‘Body-slamming’ congressman apologizes to reporter, donates $50k to media advocate
Gianforte’s apology letter acknowledged his assault on Jacobs as a “mistake.” It had been described by Jacobs at the time as a “bodyslam” and witnesses reported seeing Gianforte take Jacobs down by the neck.
“My physical response to your legitimate question was unprofessional, unacceptable, and unlawful,” Gianforte wrote. “As both a candidate for office and a public official, I should be held to a high standard in my interactions with the press and the public. My treatment of you did not meet that standard.”
Gianforte still faces criminal assault charges and is due in court next month. He could be fined up to $500 or be sentenced to up to six months in jail, if found guilty, according to Politico.
Jacobs accepted the apology Wednesday, the Guardian reported.
“I hope the constructive resolution of this incident reinforces for all the importance of respecting the freedom of the press and the first amendment and encourages more civil and thoughtful discourse in our country,” Jacobs reportedly said.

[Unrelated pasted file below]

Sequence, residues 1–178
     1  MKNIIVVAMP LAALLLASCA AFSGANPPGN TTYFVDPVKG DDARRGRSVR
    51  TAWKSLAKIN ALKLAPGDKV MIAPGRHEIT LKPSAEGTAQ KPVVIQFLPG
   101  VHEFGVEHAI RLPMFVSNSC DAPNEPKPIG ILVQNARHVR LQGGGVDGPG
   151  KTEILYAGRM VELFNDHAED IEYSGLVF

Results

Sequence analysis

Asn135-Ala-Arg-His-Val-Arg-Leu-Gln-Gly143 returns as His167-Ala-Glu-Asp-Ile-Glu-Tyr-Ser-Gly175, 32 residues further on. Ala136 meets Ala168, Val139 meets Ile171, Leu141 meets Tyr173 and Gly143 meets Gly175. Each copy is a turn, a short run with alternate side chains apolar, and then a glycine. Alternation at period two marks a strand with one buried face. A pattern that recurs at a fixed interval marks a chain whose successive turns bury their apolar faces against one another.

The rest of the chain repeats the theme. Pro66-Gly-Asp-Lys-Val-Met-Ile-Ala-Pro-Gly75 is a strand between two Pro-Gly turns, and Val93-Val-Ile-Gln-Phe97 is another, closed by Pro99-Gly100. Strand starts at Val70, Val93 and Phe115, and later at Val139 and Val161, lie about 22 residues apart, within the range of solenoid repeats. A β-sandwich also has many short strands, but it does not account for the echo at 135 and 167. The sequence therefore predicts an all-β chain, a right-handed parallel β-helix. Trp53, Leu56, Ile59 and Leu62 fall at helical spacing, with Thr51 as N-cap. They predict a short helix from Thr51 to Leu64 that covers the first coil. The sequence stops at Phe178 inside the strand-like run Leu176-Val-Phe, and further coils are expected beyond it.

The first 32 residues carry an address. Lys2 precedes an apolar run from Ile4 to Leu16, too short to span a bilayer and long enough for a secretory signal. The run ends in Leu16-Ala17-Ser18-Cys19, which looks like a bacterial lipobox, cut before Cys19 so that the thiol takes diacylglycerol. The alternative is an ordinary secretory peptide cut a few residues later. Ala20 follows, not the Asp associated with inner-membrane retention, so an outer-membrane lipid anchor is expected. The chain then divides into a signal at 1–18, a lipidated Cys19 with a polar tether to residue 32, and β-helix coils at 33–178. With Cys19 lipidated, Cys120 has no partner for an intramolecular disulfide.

Gianforte’s letter, however, only vaguely addressed the untrue statements made immediately following the May 24 incident, when his campaign falsely accused Jacobs of not only of being aggressive, but also initiating the aggression.
“Notwithstanding anyone's statements to the contrary, you did not initiate any physical contact with me, and I had no right to assault you,” Gianforte wrote. “I am sorry for what I did and the unwanted notoriety this has created for you. I take full responsibility.”
Shortly following the incident, campaign spokesman Shane Scanlon had said that Jacobs “aggressively shoved a recorder in Greg's face” and asked “badgering questions,” at which point Greg “attempted to grab the phone.” Jacobs, it was falsely alleged, then “grabbed Greg's wrist, and spun away,” bringing both men down.
“It's unfortunate that this aggressive behavior from a liberal journalist created this scene at our campaign volunteer BBQ,” Scanlon said just hours before Gianforte won election to the US House.
“I understand the critical role that journalists and the media play in our society,” the freshman congressman wrote in his letter.
“Protections afforded to the press through the Constitution are fundamental to who we are as a nation and the way government is accountable to the people.”
CPJ will also receive the $7,500 donated to a crowdfunding campaign to buy Jacobs a new pair of glasses, as Gianforte broke his, the Guardian reported.
Gianforte is also the subject of a complaint filed on June 2 with the congressional ethics office by a coalition of press freedom advocates, according to the Guardian.